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I'm working through Aluffi's Algrebra: Chapter 0 and I need some assistance with an excercise.

Aluffi, Ex. II.8.7

Let $(A|R)$, resp. $(A'|R')$, be a presentation for a group $G$ in Grp, resp. $G'$; we may assume that $A, A'$ are disjoint. Prove that the group $G \ast G'$ presented by \begin{equation} (A \cup A'|R \cup R') \end{equation} satisfies the universal property for the coproduct of $G$ and $G'$ in Grp. (Use the universal properties of both free groups and quotients to construct natural homomorphisms $G \to G \ast G', G' \to G \ast G'.$)

What I have done so far:

First off, we have natural set-functions $A,A' \to F(A \cup A')$. Hence we have unique homomorphisms $F(A),F(A') \to F(A \cup A')$ whose restrictions to $A,A'$ are equal to the functions $A,A' \to F(A \cup A')$, by the universal property of free groups.

By combining these homomorphisms with the natural projection $F(A \cup A') \to F(A \cup A')/(R \cup R')$, we get homomorphisms $F(A),F(A') \to F(A \cup A')/(R \cup R')$.

Since $a(R) = b(R) \Rightarrow a(R \cup R') = b(R \cup R')$, we get a natural homomorphism $\pi_1:G \cong F(A)/(R) \to F(A \cup A')/(R \cup R')$, by the universal property of quotients. Similarly, we get a natural homomorphism $\pi_2:G' \cong F(A')/(R') \to F(A \cup A')/(R \cup R') = G \ast G'$.

If I'm not mistaken, these homomorphisms simply map $a(R) \mapsto a(R \cup R')$, for all $a(R) \in G$, and similarly for elements of $G'$. If we have a group $H$ and homomorphisms $f:G \to H, g:G' \to H$, then the only function $\varphi:G \ast G' \to H$ s.t. $\varphi \circ \pi_1 = f, \varphi \circ \pi_2 = g$, must map $a(R \cup R') \mapsto f(a(R))$ for all $a \in F(A)$, and similarly for all $b \in F(A'), b(R \cup R') \mapsto g(b(R'))$. All that is left, is to show that this defines a function $\psi$.

So, we need to show that $ab^{-1} \in (R \cup R') \Rightarrow \psi (ab^{-1}(R \cup R')) = e_H$, for any $a,b \in F(A \cup A')$.

This is what I can't do. How do I go about showing this, or am I going in a wrong direction?

Edit: Note that (R) stands for the normal closure of R in F(A).

One answer:

Note that $(R \cup R') := \langle \{ghg^{-1} \mid g \in F(A \cup A'), h \in R \cup R'\} \rangle$. Now, for any $h \in R \cup R', g \in F(A \cup A')$, we have \begin{align} \psi (ghg^{-1}(R \cup R')) & = \psi (g(R \cup R')) \psi (h(R \cup R')) \psi (g^{-1}(R \cup R')) \\ & = \psi (g(R \cup R')) \psi (g^{-1}(R \cup R')) \\ & = \psi (gg^{-1}(R \cup R')) \\ & = e_H. \end{align} Hence, for any $a \in (R \cup R')$, we have $\psi (a) = e_H$, which completes the proof.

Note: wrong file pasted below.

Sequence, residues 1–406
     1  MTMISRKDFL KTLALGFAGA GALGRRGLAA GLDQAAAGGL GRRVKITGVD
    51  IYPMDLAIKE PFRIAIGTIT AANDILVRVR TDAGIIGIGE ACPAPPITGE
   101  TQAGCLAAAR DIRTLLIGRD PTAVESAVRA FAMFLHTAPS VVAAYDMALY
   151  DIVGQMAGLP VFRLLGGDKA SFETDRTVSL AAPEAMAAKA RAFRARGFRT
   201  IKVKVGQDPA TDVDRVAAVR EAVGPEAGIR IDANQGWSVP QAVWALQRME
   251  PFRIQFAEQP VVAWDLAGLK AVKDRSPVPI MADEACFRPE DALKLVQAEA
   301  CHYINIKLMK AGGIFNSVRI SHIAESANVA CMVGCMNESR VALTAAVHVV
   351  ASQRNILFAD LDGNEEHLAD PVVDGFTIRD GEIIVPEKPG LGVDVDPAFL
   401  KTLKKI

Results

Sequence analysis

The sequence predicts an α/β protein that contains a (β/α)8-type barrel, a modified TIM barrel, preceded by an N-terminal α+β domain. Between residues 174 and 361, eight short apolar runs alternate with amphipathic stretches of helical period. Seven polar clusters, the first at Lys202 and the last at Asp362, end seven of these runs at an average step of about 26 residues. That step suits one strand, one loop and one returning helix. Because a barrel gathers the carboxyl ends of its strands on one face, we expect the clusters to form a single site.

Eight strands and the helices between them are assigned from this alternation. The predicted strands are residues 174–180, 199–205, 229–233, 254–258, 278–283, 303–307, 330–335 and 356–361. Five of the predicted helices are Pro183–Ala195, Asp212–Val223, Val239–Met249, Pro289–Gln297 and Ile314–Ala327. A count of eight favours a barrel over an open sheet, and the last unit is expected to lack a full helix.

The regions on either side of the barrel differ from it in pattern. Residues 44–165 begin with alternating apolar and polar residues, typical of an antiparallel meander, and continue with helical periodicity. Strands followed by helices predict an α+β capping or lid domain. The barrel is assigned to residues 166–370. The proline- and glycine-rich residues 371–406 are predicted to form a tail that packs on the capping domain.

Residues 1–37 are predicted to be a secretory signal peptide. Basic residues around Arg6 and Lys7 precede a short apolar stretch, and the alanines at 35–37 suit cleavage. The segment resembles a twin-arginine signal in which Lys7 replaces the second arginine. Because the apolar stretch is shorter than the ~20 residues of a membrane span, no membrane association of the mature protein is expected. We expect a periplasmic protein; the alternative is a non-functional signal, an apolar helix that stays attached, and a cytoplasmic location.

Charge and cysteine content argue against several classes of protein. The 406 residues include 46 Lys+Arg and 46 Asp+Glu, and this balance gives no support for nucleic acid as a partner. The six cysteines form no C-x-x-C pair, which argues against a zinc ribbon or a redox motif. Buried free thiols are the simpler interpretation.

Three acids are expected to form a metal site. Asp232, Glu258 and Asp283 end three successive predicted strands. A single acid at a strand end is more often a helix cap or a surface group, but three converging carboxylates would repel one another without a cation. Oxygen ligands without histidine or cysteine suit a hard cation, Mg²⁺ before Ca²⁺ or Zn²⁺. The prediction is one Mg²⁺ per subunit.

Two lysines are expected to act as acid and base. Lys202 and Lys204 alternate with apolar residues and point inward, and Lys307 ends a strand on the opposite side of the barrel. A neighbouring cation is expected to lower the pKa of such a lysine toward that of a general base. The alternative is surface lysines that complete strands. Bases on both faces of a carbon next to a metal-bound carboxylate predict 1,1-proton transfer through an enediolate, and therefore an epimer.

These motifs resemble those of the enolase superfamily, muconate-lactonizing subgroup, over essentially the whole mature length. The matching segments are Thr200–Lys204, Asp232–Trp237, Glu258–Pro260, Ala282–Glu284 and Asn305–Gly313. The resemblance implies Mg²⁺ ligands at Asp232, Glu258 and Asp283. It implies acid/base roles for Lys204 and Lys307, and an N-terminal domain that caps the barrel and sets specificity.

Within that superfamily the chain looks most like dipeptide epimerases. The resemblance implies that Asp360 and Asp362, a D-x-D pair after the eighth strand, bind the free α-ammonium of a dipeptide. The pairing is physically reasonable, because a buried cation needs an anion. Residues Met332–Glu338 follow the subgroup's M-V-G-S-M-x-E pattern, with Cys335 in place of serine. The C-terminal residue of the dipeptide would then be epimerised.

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I guess by $(R)$ you mean the normal closure $\langle R^{F(A)} \rangle$ of $R$ in $F(A)$?

There is a unique homomorphism $\psi:F(A \cup A') \to H$ with $\psi(a) = f(a)$ for $a \in A$ and $\psi(a) = g(a)$ for $a \in A'$. Since all elements of $R$ lie in $\ker(f)$ and all elements of $R'$ lie in $\ker(g)$, we have $R \cup R' \subset \ker(\psi)$ and hence, since $\ker(\psi) \unlhd F(A \cup A')$, we have $(R \cup R') \le \ker(\psi)$.

So $\psi$ induces a well-defined map $\varphi:G*H = F(A \cup A')/(R \cup R') \to H$, and $\varphi$ satisfies $\varphi \circ \pi_1 = f$ and $\varphi \circ \pi_2 = g$, as required.

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  • $\begingroup$ Yes, I mean the normal closure. What about the case where $a \in A, b \in A'$? We could still have $ab^{-1} \in (R \cup R')$. $\endgroup$ – VJP May 27 '15 at 15:50
  • $\begingroup$ No you couldn't because the element sof $R$ are words over $A \cup A^{-1}$, and the elements of $R'$ are words over $A' \cup A'^{-1}$, and you assumed that $A$ and $A'$ are disjoint. $\endgroup$ – Derek Holt May 27 '15 at 16:33
  • $\begingroup$ What about $a \in R, b \in R'$? We would still have $ab^{-1} \in (R \cup R')$. And in any case, how would I extend the condition from all $a,b \in A \cup A'$ to all $a,b \in F(A \cup A')$? $\endgroup$ – VJP May 27 '15 at 17:03
  • $\begingroup$ I accepted this as an answer, but I also wrote down an answer I came up with. Thank you for your help Derek. $\endgroup$ – VJP May 27 '15 at 17:30
  • $\begingroup$ In your answer, your definition of $(R \cup R')$ is wrong. It is not the set of conjugates of elements of $R \cup R'$, but the subgroup generated by that set. $\endgroup$ – Derek Holt May 27 '15 at 20:38
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Often it is much more convenient to work with representable functors.

The universal property of the group $(A|R)$ is the following: If $H$ is a group, there is a natural isomorphism (i.e. bijection) $$\hom((A|R),H) \cong \{f \in \hom(A,|H|) : f(R)=\{1\}\},$$ where by $f(R)$ I mean the set of all $f(r)$, $r \in R$, and $f(r)$ is defined by extension of $f$ on the set of words. It follows for test groups $H$: $$\hom((A \sqcup A'|R \sqcup R'),H)$$ $$ \cong \{g \in \hom(A \sqcup A',|H|) : g(R \sqcup R')=\{1\}\}$$ $$= \{g \in \hom(A \sqcup A',|H|) : g(R)=\{1\} \wedge g(R')=\{1\}\}$$ $$\cong \{(f,f') \in \hom(A,|H|) \times \hom(A',|H|) : f(R)=\{1\} \wedge f'(R')=\{1\}\}$$ $$ \cong \hom((A|R),H) \times \hom((A'|R'),H).$$ These isomorphisms are clearly natural in $H$. Thus, by definition of a coproduct, $(A \sqcup A'|R \sqcup R')$ is a coproduct of $(A|R)$ and $(A'|R')$.

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